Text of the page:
The vegetarian’s guide to a happy holiday season

Zila Sanchez, Managing Editor

It’s the most wonderful time of the year! Friends, family and loved ones gather around the table to share a most glorious dinner.

However, It’s also a time for kind, but blissfully ignorant family members to question and criticize your meat-free lifestyle. Still, it’s possible for meat-eaters and meat-free people to enjoy the holiday season.

Here’s a guide to surviving the family setting while being vegetarian.

  1. Talk to dinner hosts and prepare in advance

It wouldn’t be fair to just show up and expect there to be a table full of only food for you to eat. Unless every single person attending the dinner is conscious of your vegetarianism or is vegetarian him/herself, there will probably be dishes that won’t suit your dietary needs.

Let your host know which ingredients are off-limits to you and offer suggestions on how to make a recipe vegetarian- and vegan-friendly. For example, traditional broth used for gravy and stuffing can easily switched with vegetable broth.

Also, try to show up early and help make the vegetarian dishes if your hosts are unfamiliar with meat-free cooking. As long as it doesn’t seem like you are just presenting a list of demands to your hosts, they will probably be quite willing to accommodate some (or all) of your needs.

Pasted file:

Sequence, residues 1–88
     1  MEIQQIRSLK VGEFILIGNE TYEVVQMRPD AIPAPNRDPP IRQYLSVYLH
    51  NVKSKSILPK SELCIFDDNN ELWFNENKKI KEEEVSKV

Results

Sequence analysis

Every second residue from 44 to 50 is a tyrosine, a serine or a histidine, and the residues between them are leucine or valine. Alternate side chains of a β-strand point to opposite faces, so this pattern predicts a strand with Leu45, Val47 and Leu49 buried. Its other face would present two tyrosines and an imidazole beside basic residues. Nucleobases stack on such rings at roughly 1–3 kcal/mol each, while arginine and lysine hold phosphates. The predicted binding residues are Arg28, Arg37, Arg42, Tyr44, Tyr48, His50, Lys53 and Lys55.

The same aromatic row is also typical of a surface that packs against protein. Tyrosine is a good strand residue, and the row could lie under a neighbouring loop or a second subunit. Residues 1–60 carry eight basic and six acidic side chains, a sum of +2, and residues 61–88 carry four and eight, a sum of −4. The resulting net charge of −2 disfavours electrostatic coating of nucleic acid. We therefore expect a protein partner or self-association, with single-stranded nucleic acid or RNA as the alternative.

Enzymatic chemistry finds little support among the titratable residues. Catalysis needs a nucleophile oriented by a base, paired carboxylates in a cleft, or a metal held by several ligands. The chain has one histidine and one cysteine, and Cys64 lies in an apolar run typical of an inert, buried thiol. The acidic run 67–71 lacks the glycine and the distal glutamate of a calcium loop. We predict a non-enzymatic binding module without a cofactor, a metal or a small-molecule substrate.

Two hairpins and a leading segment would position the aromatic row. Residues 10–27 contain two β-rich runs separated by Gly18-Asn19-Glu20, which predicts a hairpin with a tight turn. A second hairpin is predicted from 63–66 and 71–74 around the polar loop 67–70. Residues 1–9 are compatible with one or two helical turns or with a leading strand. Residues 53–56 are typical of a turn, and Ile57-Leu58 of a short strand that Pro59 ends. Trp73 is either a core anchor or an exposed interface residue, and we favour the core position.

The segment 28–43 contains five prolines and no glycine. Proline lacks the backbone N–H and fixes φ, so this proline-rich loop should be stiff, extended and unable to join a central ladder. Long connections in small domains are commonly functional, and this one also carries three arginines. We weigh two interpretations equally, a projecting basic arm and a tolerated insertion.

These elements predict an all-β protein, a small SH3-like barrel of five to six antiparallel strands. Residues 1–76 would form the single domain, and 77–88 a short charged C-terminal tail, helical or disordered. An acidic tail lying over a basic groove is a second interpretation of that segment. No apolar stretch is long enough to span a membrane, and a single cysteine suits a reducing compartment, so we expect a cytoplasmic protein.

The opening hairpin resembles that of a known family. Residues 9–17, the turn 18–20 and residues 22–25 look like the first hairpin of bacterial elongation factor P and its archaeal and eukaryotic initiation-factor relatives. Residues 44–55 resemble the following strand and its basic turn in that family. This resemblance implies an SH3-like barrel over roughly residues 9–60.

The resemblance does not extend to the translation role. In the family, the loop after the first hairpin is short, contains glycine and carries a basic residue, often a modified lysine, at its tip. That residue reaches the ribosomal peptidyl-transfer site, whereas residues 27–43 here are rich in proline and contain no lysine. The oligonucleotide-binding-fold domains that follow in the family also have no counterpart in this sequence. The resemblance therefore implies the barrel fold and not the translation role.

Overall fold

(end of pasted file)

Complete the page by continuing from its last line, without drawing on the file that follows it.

1. Bring a few dishes of your own

Most people don’t show up to someone’s house empty-handed for Thanksgiving and Christmas dinner anyway, and the dishes would be appreciated. Ask your hosts what types of dishes they would like you to bring. Whole Foods stores offer vegetarian Thanksgiving cooking classes in the weeks before Thanksgiving.

Besides, bringing your own delicious dishes is a great chance to show everyone you’re not missing out on good food just because you choose not to consume meat.

  1. Set aside lifestyles to keep the peace

Holiday dinners are for friends and family to gather and celebrate traditions, be grateful for one another and love. The dinner table is not the place to be judgmental or preachy about anyone’s lifestyle. It’s best not to bring up the cruelty of factory farming. Don’t make the other guests feel guilty or uncomfortable by pushing your views onto them at the table the same way you wouldn’t want them to push their views onto you while you’re eating.

There seems to always be that one person who just has to make jokes at the people not eating the turkey. Those jokes are just an outward manifestation of their own ignorance or misunderstanding.

From their point of view, you not eating meat is a sign of your compassion for animals, but they might think that because they eat meat, you might think they’re not compassionate. Such is not the case. Avoid any arguments or discussions by not getting offended by any ignorant comments or jokes.

If all else fails, just keep in mind that holidays dinners are only usually only once or twice a year and if it’s that bad, it’ll be over soon. The purpose of holiday dinners are to spread love and be thankful for the time you have with family. So spread love and pass the mac ‘n’ cheese.